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Collecting seashells on the beaches of Sanibel, Captiva and the world

Sanibel Shelling Report Before the Rain

Posted by on Aug 4, 2014 in Gulf Side City Beach (Algier's), Lighthouse, Ragged Sea Hare, Sea hare, Sea Hare Egg String | 17 comments

Shells with railroad vine purple flowers on Sanibel

As I’m listening to the loud crashes of thunder with pounding rain and watching the bright strikes of lightning on the island today, I’m thankful I got to take a few leisurely strolls on our sun filled beach this weekend before this downpour.

Sanibel Island beach with shells and birds

The water was like glass at Gulfside City Park on Saturday and clear enough to find these treasure while walking in the water.

sea shelling Sanibel Island Florida

After finding a SUNRAY VENUS and a FIGHTING CONCH as well, I started finding “Candy!” (juvie HORSE CONCHS) in the shell lines on the beach…

candy corn shells on Sanibel beach

Seriously, there were so many different shell and wrack lines to work, I could have stayed there all day long searching each line to see what different types of goodies were hiding in each one.

wrack and shell lines on Sanibel Island Florida

But since it was a little warm (around 92 degrees around noon), I stayed either in the water or just along the edge…. where I found oodles of beautifully colored CALICO SCALLOPS (and the candies).

sweet shells on Sanibel Island

Last evening Clark and I took a walk around the Lighthouse Beach to find the glassy calm water with a small shell line on the Gulf side…

Sanibel water scene with clouds

We rounded the tip of the island to find choppier water with lines of SEA WEED covering the shells. It’s funny… there are some photographs that I have taken over the years that stick with me for some reason and they make me smile.  So when I saw this gal sifting for minis, I recognized her right away from my post Smiles For Seashells – “I took a photo of you a few years ago and its one of my favorites!”. As soon as we started talking I remembered everything else about her too. Sweet Robin! She found a few WENTLETRAPS, BABYS EARS, and lots of other usual suspects just hanging out Sittin ‘N Siftin.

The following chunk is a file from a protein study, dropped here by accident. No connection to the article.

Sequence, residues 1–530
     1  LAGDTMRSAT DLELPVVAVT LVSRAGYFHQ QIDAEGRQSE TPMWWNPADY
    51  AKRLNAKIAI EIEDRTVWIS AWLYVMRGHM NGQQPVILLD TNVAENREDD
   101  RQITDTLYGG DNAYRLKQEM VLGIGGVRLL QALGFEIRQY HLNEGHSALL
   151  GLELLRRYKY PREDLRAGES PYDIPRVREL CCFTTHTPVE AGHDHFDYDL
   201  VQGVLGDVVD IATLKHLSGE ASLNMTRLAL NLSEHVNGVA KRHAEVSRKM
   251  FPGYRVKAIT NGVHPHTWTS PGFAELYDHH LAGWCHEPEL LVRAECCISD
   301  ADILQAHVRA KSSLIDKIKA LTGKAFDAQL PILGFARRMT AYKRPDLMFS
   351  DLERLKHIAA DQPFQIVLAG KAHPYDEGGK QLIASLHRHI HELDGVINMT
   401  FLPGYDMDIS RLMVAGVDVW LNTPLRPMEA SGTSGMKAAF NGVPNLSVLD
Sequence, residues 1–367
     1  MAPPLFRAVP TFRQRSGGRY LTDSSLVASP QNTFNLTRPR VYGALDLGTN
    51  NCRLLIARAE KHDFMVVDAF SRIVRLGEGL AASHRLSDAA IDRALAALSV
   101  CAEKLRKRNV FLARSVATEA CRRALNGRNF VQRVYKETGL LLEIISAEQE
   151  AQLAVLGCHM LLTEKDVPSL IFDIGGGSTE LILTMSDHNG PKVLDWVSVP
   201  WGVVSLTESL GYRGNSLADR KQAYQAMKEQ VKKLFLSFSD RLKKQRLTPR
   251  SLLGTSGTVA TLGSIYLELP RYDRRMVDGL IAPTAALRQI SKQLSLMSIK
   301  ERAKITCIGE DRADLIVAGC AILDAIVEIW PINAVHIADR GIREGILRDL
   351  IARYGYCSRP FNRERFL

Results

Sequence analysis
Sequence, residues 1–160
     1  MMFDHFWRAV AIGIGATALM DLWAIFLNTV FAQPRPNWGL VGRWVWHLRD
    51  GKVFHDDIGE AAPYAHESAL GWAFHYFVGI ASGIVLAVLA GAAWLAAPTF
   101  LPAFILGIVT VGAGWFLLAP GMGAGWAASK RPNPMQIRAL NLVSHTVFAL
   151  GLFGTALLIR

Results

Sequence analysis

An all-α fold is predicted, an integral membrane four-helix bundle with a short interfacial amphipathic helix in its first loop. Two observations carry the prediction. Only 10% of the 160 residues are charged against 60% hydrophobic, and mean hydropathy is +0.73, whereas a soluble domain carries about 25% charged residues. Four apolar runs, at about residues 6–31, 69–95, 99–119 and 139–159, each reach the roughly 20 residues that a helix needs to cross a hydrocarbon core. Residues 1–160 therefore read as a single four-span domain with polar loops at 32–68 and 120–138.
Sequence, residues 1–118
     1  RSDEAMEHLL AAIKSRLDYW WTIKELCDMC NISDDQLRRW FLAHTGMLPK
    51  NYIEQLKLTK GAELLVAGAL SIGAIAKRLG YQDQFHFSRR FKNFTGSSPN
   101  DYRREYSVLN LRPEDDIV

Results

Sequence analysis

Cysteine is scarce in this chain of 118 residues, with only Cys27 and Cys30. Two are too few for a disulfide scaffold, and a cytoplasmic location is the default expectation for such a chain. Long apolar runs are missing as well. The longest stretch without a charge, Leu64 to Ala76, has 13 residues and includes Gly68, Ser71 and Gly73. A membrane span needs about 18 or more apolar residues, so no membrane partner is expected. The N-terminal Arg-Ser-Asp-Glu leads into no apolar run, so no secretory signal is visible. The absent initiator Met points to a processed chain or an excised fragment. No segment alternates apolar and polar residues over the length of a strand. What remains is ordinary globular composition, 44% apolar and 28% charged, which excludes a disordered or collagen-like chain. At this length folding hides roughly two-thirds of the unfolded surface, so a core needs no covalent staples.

Robin sifting through shells

Further down the beach I found this turquoise blue green SEA HARE (SEA SLUG) that had just washed up on the beach. I think it’s a different type of RAGGED SEA HARE than the ones I’ve found before (CLICK HERE)… since I’ve never seen this color in an adult before. Cool! I put it back in the water but I’m not sure this one survived :(.

turquoise ragged sea hare

The good news is… it may have just laid this blue green spaghetti looking EGG MASS. But, don’t quote me on that… I’m only assuming this after finding an unusual blue green SEA SLUG then only a few feet away spotting an unusual blue green EGG STRING. Hmmmm…  that turquoise EGG MASS from that turquoise SEA HARE? It doesn’t seem that far of a stretch, right? LOL

turquoise blue green sea hare egg string

Anyhoo, it was a lovely weekend to explore Southwest Florida beaches to see what treasures the Gulf Of Mexico had in store for us. And… after this storm lets up (with winds out of the west), we may have an even better week to find beach treasures. Fingers crossed!